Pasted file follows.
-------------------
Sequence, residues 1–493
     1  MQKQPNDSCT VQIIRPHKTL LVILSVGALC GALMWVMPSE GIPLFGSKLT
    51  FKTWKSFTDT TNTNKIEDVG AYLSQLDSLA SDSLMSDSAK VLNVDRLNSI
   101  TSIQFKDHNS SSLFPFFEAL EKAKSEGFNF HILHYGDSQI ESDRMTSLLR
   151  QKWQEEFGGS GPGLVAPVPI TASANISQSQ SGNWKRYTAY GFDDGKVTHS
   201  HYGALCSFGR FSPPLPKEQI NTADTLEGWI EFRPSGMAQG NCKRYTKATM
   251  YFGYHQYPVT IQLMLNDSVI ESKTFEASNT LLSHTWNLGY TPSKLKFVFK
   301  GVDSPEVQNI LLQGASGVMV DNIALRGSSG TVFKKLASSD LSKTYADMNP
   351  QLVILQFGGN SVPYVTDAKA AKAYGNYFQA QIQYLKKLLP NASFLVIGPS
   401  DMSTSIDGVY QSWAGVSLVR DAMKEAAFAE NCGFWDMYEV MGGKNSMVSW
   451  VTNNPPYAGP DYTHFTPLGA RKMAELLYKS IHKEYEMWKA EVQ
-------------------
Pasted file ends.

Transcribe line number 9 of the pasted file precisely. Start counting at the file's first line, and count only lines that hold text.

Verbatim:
   351  QLVILQFGGN SVPYVTDAKA AKAYGNYFQA QIQYLKKLLP NASFLVIGPS